3.3. MSA and Phylogenetic Analysis of Indian Strains

ToLCV coat protein sequences from Indian strains were retrieved from NCBI database to construct MSA in order to study amino acids crucial in conserved domain and responsible for systemic infection, viral particle formation, and insect transmission. Norris et al. 1998 reported that a functional coat protein having amino acids in the following sequence positions, namely, Pro/Gln129, Gln/His134, and Glu/Asp152 on TYLCV isolates is essential for correct assembly of virions and transmission by the insect vector [47]. These key residues were identified by B. tabaci transmissibility studies in the field isolates of TYLCV-Sic (Sicily), TYLCV-Sar (Sardinia), and TYLCV-SicRv (engineered mutant of Sicily) [47]. Examination of corresponding positions in our MSA cluster revealed that Lys129, Ser/Thr134, and Asp151 (instead of 152nd position as a result of single residue deletion) were conserved amongst Indian strains in comparison to non-Indian isolates and are found to be wild-type. The comparison of chemical properties of the template with that of MSA showed that a positively charged amino acid (Lys129) was identified in the uncharged polar (Gln129) position. The second important residue (Ser/Thr134 in replacement with Gln/His134) was conserved in terms of polarity while a negatively charged residue (Glu/Asp152; Asp151) was preserved in the third crucial position (Figure 2(b)). This amino acids combination (Lys129, Ser/Thr134, and Asp121) is also conserved in coat proteins among different wild-type viruses, namely, tomato golden mosaic virus, tomato mottle virus-[Florida], sinaloatomato leaf curl virus, tomato leaf crumple virus, taino tomato mottle virus, abutilon mosaic virus-[Hawaii], bean golden mosaic virus-[Brazil], SqLCV and papaya leaf curl virus [47].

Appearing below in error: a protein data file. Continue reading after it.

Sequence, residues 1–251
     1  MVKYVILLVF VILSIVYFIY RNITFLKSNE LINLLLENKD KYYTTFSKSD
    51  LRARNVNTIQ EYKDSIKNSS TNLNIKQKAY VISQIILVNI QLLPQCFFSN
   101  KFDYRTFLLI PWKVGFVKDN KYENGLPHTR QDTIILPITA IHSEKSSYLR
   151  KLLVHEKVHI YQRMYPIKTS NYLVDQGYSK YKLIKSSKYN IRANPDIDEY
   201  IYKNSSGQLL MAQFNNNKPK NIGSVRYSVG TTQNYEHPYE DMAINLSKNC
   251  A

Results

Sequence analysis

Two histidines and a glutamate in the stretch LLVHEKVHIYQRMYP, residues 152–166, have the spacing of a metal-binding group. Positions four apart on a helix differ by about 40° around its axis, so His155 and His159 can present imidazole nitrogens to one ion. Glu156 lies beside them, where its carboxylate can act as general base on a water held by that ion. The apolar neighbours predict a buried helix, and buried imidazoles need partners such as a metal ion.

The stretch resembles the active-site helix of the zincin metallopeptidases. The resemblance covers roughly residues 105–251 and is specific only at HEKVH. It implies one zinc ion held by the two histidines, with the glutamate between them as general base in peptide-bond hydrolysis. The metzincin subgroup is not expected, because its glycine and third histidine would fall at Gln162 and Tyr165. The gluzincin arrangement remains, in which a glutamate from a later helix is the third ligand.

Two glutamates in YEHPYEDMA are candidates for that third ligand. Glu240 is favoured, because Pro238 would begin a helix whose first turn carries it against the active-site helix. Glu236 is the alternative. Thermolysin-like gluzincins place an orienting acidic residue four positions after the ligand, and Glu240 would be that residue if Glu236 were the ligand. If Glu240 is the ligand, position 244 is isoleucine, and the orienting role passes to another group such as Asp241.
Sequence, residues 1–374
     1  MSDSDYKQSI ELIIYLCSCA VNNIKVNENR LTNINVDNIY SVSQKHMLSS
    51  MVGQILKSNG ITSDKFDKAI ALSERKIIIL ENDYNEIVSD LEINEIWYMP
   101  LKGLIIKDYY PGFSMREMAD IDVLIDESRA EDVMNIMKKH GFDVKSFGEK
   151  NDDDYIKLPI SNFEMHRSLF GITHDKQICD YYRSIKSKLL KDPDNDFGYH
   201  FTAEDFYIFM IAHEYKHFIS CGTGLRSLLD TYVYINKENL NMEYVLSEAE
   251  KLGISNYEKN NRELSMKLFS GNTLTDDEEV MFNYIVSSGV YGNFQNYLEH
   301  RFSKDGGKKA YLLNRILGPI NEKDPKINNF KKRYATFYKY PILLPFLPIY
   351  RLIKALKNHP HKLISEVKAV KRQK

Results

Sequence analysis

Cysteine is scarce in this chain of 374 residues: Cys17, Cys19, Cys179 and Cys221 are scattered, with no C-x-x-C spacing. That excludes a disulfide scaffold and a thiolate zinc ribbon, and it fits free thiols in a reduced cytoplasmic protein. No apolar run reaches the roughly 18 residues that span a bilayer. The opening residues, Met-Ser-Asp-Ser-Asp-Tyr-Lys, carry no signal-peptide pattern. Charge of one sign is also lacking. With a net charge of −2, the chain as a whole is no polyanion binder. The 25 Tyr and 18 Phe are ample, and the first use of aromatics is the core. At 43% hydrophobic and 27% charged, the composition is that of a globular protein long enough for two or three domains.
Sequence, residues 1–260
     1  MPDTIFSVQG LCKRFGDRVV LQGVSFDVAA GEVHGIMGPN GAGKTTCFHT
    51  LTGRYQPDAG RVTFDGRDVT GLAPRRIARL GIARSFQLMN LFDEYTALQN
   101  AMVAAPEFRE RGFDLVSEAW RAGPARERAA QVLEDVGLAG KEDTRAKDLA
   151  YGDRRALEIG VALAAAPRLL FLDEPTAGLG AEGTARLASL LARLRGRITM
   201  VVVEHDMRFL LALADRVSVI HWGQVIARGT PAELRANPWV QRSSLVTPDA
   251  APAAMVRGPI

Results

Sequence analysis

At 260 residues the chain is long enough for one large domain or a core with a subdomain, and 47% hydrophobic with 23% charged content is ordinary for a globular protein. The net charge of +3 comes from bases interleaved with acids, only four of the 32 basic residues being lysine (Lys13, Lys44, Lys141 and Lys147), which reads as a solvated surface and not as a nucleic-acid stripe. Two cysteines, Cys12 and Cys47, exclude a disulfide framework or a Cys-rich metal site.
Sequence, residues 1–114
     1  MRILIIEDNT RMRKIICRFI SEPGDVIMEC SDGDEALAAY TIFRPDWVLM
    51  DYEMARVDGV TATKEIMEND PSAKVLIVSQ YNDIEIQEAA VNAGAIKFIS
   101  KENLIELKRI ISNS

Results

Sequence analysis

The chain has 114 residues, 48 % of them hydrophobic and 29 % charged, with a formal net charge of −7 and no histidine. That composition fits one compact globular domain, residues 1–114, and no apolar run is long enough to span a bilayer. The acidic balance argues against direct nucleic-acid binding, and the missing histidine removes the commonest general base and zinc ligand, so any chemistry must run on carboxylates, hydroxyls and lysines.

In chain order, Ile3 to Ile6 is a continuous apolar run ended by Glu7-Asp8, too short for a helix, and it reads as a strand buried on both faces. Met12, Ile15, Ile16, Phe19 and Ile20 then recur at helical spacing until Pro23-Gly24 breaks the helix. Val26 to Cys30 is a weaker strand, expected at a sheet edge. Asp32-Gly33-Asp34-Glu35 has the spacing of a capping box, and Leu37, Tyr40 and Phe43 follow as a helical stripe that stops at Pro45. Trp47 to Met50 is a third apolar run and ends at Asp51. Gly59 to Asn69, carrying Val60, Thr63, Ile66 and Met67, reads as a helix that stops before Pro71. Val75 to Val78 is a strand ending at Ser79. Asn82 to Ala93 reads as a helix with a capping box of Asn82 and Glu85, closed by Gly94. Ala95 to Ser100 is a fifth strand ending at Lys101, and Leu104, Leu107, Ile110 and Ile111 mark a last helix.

A phylogenetic tree based on NJ algorithm was constructed using Phylip version 3.68 to study the sequence conservativeness among Indian strains. Surprisingly, coat proteins characteristic from districts, namely, Vadodara, Varanasi, and Kelloo were clustered in a node with a branch length of 0.167. It should be noted that these members were representing different states in the Northern India contrasting to other members which were sufficiently diverged to each other. Besides the fact that Bangalore isolates were conserved among each other, they were distinct with one of the state member, Karnataka with a length of 0.011. Isolates from New Delhi and Lucknow were conserved as expected in terms of area nearness (Figure 3). The key amino acids required for biochemical functions were indeed conserved amongst each other with respect to the comparison using MSA made above.

3.4. Disorderness and Their Link with Predicted NLS

Disorderness was predicted in the coat protein to identify the sequence regions that cannot be modeled efficiently with the protein modeling procedures adopted by us. This scrutiny was taken to eliminate the loop region in the sequence terminals. Disorder profile produced with 5% filter threshold showed that a window with sequence positions from 1 to 50 was scattered with peaks demonstrating residue disorderness (Figure 4). This region corresponds to NLS in the N-terminal. There exists a relationship between the predicted NLS and the disorderness as the corresponding sequence position was predicted as loop region with a variety of secondary structure prediction programs including PSI-Pred, GORIV, and so forth. So, we decided to exclude NLS signal from the protein sequence for modeling due to the consideration of disordered profile and the increased possibility of generating loop geometry.

3.5. Structure Modeling of Coat Protein